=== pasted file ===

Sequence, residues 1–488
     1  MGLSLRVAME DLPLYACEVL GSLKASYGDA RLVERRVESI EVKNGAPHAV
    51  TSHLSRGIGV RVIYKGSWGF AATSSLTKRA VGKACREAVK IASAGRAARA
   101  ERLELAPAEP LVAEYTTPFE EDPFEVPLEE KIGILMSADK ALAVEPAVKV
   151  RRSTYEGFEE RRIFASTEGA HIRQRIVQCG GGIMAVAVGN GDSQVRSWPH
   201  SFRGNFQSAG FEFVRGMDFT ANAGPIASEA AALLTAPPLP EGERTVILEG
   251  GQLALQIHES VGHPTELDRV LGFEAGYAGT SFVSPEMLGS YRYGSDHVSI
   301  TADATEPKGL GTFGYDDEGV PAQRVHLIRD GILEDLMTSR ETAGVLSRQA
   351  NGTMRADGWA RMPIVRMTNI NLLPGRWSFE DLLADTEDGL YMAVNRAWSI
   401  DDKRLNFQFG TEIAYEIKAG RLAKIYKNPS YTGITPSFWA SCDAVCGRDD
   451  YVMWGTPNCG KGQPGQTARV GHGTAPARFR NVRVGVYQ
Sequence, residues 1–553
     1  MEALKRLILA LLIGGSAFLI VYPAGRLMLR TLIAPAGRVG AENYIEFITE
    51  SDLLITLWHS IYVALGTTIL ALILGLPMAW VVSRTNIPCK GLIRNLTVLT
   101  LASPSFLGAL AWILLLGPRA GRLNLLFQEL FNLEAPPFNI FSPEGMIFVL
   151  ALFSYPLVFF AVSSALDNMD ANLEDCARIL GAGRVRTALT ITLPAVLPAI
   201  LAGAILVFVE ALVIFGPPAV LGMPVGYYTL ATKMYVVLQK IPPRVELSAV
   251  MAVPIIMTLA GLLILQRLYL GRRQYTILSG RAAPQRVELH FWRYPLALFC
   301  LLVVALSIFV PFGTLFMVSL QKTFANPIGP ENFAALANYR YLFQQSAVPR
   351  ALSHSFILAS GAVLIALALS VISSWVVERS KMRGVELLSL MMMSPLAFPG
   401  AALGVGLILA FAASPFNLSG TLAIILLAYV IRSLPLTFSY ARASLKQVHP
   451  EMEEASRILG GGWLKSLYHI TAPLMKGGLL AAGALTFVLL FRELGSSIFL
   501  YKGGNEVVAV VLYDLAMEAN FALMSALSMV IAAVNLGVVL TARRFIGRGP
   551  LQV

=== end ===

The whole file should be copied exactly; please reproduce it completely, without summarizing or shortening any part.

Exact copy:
Sequence, residues 1–488
     1  MGLSLRVAME DLPLYACEVL GSLKASYGDA RLVERRVESI EVKNGAPHAV
    51  TSHLSRGIGV RVIYKGSWGF AATSSLTKRA VGKACREAVK IASAGRAARA
   101  ERLELAPAEP LVAEYTTPFE EDPFEVPLEE KIGILMSADK ALAVEPAVKV
   151  RRSTYEGFEE RRIFASTEGA HIRQRIVQCG GGIMAVAVGN GDSQVRSWPH
   201  SFRGNFQSAG FEFVRGMDFT ANAGPIASEA AALLTAPPLP EGERTVILEG
   251  GQLALQIHES VGHPTELDRV LGFEAGYAGT SFVSPEMLGS YRYGSDHVSI
   301  TADATEPKGL GTFGYDDEGV PAQRVHLIRD GILEDLMTSR ETAGVLSRQA
   351  NGTMRADGWA RMPIVRMTNI NLLPGRWSFE DLLADTEDGL YMAVNRAWSI
   401  DDKRLNFQFG TEIAYEIKAG RLAKIYKNPS YTGITPSFWA SCDAVCGRDD
   451  YVMWGTPNCG KGQPGQTARV GHGTAPARFR NVRVGVYQ
Sequence, residues 1–553
     1  MEALKRLILA LLIGGSAFLI VYPAGRLMLR TLIAPAGRVG AENYIEFITE
    51  SDLLITLWHS IYVALGTTIL ALILGLPMAW VVSRTNIPCK GLIRNLTVLT
   101  LASPSFLGAL AWILLLGPRA GRLNLLFQEL FNLEAPPFNI FSPEGMIFVL
   151  ALFSYPLVFF AVSSALDNMD ANLEDCARIL GAGRVRTALT ITLPAVLPAI
   201  LAGAILVFVE ALVIFGPPAV LGMPVGYYTL ATKMYVVLQK IPPRVELSAV
   251  MAVPIIMTLA GLLILQRLYL GRRQYTILSG RAAPQRVELH FWRYPLALFC
   301  LLVVALSIFV PFGTLFMVSL QKTFANPIGP ENFAALANYR YLFQQSAVPR
   351  ALSHSFILAS GAVLIALALS VISSWVVERS KMRGVELLSL MMMSPLAFPG
   401  AALGVGLILA FAASPFNLSG TLAIILLAYV IRSLPLTFSY ARASLKQVHP
   451  EMEEASRILG GGWLKSLYHI TAPLMKGGLL AAGALTFVLL FRELGSSIFL
   501  YKGGNEVVAV VLYDLAMEAN FALMSALSMV IAAVNLGVVL TARRFIGRGP
   551  LQV